The excitement on the line is palpable. It’s everywhere. The exhaustion is merely a comma in the sentence of changing the world. It’s exhaustion of the status quo. It’s working hard, playing hard. It’s our generation pushing all together in one direction and only moving an inch. A mere inch. But gosh darn it all, we moved that inch forward. And that’s something to celebrate.

At my last job, I worked with some of the top business people in Madison, the CEOs and presidents, and movers and shakers. They inspired me. Now, I work with the next generation of CEOs and presidents, and movers and shakers. Except, we’re already doing it.

We’re already leading, changing, doing. We’ve been moving and shaking since we put one foot in front of the other for the first time. It’s something more than inspiration. It’s exuberance.

I invite the naysayers to come and spend time with the young leaders in my community and tell me I’m wrong. Tell me that the resilience and passion and willingness to do whatever it takes, that the gut-wrenching work of pushing forward against all odds, is not occurring every day, every hour, in the lives of these young professionals. Because I promise it is. We are laid off, or dumped, or abused, or hate our jobs, or are involved in shootings, war, or tragedy, and still we show up. We have great ideas. We contribute. We’re the last to leave. We’re insanely passionate.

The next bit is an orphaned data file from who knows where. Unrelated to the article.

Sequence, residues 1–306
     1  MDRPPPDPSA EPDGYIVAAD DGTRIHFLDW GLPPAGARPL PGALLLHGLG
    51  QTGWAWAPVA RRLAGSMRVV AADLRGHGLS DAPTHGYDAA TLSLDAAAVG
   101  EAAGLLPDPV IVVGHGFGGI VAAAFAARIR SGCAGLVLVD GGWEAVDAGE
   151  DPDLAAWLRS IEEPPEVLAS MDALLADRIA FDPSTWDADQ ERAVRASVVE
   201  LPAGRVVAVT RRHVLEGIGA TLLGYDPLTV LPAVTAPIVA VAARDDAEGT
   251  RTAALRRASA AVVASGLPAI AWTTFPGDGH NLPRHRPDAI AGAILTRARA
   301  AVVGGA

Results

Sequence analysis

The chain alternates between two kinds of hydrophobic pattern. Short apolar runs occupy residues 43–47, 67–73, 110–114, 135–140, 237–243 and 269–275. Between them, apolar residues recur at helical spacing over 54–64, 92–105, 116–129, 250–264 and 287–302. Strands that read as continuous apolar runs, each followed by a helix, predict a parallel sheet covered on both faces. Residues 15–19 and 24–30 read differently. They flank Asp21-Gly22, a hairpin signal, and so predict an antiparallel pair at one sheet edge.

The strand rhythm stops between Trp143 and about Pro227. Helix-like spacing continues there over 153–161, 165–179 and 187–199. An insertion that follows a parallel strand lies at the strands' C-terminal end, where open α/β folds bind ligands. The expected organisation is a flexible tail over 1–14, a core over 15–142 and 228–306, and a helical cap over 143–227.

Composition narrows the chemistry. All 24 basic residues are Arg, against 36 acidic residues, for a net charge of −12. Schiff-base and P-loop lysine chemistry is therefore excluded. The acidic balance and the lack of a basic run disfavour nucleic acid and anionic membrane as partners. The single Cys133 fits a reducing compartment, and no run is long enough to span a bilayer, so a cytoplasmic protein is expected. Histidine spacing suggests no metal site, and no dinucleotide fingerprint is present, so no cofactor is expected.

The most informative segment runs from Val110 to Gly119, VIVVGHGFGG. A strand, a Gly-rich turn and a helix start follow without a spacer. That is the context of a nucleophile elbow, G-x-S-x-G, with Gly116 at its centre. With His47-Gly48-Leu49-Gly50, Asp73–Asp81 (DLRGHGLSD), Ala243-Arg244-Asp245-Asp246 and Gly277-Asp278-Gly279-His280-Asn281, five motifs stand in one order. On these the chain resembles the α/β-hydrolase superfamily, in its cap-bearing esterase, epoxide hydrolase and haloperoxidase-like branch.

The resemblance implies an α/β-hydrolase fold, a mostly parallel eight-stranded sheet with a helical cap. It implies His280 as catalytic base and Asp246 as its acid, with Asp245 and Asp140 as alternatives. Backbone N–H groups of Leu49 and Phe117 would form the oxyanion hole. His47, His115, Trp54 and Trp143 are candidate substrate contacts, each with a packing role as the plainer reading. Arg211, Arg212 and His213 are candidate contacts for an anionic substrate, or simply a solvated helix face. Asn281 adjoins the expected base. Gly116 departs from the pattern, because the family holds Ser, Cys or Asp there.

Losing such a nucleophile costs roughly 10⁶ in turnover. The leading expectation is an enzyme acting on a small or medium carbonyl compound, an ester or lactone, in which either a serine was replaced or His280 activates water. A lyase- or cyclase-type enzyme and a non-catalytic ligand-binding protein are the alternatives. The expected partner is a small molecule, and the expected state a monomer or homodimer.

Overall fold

That’s the Generation Y work ethic. That’s happiness raw and exposed. That’s what it means to be part of this generation.

Work it, homie.

All better now

My blog is back up! For those of you who didn’t get to read the most recent post on Friday, it’s anxiously awaiting your eyes here: